Discovery Alters Views on Life of St. Francis of Assisi

A French historian learns of a medieval manuscript about to be auctioned off in the United States and races to reveal its true value and share its secrets with the world. It sounds like the plot of a mystery novel, but fact is sometimes more exciting than fiction. 

In January 2015 the French scholar Jacques Dalarun announced that he had uncovered a new “life” of St. Francis of Assisi in a battered thirteenth-century manuscript that had traveled from Umbria to Chicago. 

History professor Sean Field, a specialist in medieval Europe at UVM, made a big assist in the discovery. He knew immediately he had stumbled on something important when, on a September day in 2014, he noticed a thirteenth-century manuscript for sale from a dealer specializing in relics from the Middle Ages. 

Field is a friend and colleague of Dalarun, one of the world’s authorities on St. Francis. For centuries, scholars have examined St. Francis’s life through the lenses of two biographies written by Thomas of Celano, one in 1230 and the other in 1246-47. The two works are among the earliest accounts of the saint's life. 

“I happened to be collaborating with Jacques on another project, so immediately I had it in mind to contact him when I saw the manuscript was for sale,” Field said. 

His email to Dalarun set off a chain of events that turned the field of medieval studies on its head. At Dalarun’s urging, the manuscript was purchased by the National Library of France. News organizations from Osservatore Romano in Rome to Le Monde in Paris called it the most exciting discovery in the last half-century, and Dalarun’s interpretation of the manuscript is the basis for his latest book, The Rediscovered Life of St. Francis of Assisi.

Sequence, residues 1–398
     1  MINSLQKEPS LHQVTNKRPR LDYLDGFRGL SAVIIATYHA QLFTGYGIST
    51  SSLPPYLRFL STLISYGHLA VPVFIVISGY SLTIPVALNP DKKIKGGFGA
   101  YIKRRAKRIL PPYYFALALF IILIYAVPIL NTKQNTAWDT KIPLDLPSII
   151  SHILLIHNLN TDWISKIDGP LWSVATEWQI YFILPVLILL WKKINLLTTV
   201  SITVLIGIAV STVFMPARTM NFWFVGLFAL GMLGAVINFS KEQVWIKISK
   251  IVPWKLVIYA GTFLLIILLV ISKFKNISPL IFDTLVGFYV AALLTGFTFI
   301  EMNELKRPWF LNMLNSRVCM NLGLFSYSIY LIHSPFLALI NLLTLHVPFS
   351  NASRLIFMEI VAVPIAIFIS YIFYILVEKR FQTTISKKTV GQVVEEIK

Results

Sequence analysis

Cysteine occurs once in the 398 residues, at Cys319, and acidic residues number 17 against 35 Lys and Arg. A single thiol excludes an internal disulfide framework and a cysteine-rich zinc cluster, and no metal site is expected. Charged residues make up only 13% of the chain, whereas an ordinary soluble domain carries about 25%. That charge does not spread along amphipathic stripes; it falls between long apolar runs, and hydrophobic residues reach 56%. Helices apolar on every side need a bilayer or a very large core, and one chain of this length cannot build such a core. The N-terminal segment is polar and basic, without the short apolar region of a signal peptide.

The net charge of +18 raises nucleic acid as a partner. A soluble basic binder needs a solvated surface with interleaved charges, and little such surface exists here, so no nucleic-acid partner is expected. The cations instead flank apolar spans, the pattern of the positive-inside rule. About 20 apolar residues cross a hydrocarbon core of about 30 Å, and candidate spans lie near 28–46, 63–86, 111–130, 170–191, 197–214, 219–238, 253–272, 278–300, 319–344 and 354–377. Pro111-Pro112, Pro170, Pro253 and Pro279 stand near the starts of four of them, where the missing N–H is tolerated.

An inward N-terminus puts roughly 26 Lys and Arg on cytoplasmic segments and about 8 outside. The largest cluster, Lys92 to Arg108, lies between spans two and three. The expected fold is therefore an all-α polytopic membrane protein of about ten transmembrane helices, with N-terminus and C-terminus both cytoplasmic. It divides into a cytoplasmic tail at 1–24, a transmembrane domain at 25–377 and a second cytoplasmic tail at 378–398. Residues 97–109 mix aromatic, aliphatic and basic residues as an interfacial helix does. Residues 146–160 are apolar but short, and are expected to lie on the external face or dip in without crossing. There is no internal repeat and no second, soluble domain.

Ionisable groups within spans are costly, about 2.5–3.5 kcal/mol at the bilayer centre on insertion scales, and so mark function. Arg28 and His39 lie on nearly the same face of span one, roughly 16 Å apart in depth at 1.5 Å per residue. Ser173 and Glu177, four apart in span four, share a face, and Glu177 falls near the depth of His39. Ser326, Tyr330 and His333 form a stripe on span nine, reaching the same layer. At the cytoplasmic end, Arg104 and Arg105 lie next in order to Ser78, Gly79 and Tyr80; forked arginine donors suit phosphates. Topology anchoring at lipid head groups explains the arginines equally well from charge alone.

From piecing together fragments of other documents from the period, Dalarun had long suspected that a third account written sometime between the “first and second lives” had been produced, but assumed it had probably been lost to the ages. When Field saw the document advertised at Les Enluminures, the manuscript dealer based in Chicago, he realized this might be the missing piece of the puzzle. 

“It’s very much like a physicist theorizing, based on gravitational models, that there must be a hidden planet out there,” said Field. “And then it materializes. So, thanks to Jacques Dalarun’s discovery, in addition to the first and second lives of St. Francis, we have a ‘1.5’ version.” 

Field explains that private collectors are often unaware of the historical significance of old manuscripts and artifacts, and auction houses are sworn to secrecy about the identity of the buyers. 

“We often think of history as a settled subject,” said Field. “In reality, new material comes to light all the time and it changes the way we view past events. This discovery will alter the face of scholarship of St. Francis for years to come.”


Kevin C. Coburn
UVM history professor Sean Field